participants; updated October 2009 by Chuck D'Ambra.
Proof coins are specially manufactured for sale at a premium to collectors and sometimes for exhibition or for presentation as a gift or award. Proofs are generally distinguishable from ordinary coins by their mirrorlike fields (i.e. backgrounds), frosty devices (the major design elements) and extra sharp details. Recent technological advances have made it possible to strike coins with extraordinary cameo contrasts.
To obtain these qualities, each proof coin die is polished to produce an extremely smooth surface and used for a limited number of coins. Planchets are hand fed to the coin press, where they are struck at a higher than ordinary pressure, often multiple times. Struck coins are removed by hand with gloves or tongs. Modern proof coins are usually packaged in some type of clear plastic holder or case to protect them from handling, moisture, etc.
For many years the U.S. Mint has sold annual sets of proof coins. These "regular" proof sets usually contain one proof coin of each denomination minted. In 1983, 1984 and 1986-97, Prestige Sets were also sold. Prestige Sets include all the coins in the regular set, plus one or two commemorative coins issued the same year.
Since 1992, the Mint has also offered Silver Proof Sets, which include 90% silver versions of the proof dime, quarter(s) and half dollar. From 1992 through 1998, the Mint also offered a Premier Silver Proof Set. The two types of silver proof sets contain the same coins, with the premier set housing them in fancier packaging.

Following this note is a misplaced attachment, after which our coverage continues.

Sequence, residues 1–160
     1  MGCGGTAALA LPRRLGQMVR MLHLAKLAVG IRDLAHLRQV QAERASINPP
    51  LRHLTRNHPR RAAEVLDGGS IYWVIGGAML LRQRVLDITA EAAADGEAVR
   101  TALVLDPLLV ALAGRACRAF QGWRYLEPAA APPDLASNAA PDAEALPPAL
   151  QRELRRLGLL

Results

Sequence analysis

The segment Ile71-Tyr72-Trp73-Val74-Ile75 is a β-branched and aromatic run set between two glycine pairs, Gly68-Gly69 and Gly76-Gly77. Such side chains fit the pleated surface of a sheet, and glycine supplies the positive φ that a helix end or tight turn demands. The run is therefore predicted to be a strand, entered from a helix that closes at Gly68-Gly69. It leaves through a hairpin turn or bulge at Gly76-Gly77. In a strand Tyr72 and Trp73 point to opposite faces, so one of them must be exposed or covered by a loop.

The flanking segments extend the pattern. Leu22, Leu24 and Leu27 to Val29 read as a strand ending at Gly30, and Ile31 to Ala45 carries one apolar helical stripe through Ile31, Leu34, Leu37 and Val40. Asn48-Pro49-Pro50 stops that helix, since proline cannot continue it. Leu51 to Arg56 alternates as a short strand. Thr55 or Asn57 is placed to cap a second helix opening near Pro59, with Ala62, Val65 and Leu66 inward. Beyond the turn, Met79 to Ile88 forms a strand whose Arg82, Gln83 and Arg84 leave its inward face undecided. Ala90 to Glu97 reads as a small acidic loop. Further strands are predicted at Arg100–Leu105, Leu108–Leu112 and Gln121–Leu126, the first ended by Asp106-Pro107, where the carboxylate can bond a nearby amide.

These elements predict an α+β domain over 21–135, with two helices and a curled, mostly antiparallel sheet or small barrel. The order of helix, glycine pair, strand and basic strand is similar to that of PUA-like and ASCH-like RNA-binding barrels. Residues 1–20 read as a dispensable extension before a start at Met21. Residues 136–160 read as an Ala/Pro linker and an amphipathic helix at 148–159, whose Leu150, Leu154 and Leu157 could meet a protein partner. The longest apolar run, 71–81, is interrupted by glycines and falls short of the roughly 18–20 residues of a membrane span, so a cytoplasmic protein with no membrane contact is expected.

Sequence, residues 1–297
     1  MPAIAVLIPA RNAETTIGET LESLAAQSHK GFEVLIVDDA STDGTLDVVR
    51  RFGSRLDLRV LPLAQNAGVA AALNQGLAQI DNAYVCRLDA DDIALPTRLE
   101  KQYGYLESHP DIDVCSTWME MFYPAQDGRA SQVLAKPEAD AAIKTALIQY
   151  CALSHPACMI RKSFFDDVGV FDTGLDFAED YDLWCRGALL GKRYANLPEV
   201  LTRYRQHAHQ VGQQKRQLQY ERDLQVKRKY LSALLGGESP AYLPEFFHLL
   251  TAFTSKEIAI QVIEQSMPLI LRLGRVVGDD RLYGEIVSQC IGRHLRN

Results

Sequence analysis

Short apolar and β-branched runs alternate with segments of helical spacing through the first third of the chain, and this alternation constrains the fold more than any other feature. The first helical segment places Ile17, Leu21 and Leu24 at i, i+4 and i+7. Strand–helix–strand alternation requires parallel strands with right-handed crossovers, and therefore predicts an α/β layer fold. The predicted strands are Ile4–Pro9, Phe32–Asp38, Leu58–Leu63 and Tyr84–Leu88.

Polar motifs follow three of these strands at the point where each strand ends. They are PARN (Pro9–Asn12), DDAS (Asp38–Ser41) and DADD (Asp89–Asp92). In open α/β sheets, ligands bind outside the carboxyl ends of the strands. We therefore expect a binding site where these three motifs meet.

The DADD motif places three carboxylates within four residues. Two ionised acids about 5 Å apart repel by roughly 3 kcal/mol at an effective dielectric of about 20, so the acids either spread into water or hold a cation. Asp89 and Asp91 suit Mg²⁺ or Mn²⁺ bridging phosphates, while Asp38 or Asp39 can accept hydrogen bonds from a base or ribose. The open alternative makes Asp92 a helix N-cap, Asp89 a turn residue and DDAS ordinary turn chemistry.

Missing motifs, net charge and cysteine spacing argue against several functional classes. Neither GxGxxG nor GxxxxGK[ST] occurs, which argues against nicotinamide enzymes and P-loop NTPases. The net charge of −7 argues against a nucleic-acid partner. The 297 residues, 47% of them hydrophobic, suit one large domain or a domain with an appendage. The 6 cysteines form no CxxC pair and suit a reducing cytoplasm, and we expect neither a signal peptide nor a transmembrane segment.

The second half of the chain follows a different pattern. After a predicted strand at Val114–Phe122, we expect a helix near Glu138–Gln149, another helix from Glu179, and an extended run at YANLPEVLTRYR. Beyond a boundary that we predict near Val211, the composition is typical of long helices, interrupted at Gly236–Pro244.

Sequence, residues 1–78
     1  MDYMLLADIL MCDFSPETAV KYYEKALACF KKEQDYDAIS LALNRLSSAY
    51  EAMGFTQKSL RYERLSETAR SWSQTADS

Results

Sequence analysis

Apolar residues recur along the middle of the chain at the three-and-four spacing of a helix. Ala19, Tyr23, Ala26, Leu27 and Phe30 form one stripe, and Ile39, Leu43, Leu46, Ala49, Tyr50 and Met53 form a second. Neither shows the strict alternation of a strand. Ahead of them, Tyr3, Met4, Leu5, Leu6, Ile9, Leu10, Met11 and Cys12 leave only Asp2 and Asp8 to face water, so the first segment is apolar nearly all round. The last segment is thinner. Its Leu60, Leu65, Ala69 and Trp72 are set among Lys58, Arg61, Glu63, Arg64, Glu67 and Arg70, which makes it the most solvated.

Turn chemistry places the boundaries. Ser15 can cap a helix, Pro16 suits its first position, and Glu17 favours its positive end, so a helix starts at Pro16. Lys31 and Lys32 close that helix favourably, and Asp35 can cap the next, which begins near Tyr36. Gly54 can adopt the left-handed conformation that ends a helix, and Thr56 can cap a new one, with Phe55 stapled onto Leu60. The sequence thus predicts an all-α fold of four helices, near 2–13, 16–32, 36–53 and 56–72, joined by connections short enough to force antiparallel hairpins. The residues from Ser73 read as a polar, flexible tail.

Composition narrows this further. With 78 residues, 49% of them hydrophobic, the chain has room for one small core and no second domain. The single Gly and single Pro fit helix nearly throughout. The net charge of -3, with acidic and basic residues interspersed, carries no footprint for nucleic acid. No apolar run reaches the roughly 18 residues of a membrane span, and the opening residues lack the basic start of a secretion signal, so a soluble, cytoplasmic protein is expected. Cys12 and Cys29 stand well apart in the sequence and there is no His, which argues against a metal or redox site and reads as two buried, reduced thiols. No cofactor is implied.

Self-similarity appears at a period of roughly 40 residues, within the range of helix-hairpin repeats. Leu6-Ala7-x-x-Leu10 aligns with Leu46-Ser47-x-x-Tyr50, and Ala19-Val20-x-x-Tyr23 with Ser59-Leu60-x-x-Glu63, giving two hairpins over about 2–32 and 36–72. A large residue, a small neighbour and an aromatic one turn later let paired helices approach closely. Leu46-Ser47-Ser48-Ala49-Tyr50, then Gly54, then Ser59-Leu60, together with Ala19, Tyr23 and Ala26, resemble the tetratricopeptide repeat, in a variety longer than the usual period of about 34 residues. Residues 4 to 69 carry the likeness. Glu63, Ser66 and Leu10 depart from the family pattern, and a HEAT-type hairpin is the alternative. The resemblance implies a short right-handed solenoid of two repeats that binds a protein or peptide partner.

With the onset of the first circulating commemorative quarters program in 1999, regular and silver proof sets began including each quarter issued during the year. A separate quarters only proof set has also been offered each year since 1999, and a silver quarters proof set has been offered each year since 2004.
Beginning in 2007, a dollar coin honoring each of the deceased former Presidents of the United States is being issued at the rate of four per year. Since then, all four Presidential dollars have been included in regular and silver U.S. proof sets, as well as in a separate Presidential Dollars proof set.
A certified coin, or slab, is a coin that has been authenticated, graded and encased in a sonically sealed, hard plastic holder by a professional certification service. The holder affords protection from subsequent wear or damage but is not airtight and therefore will not prevent toning. Because any tampering with the holder will be obvious, it also prevents replacing the certified coin with something else.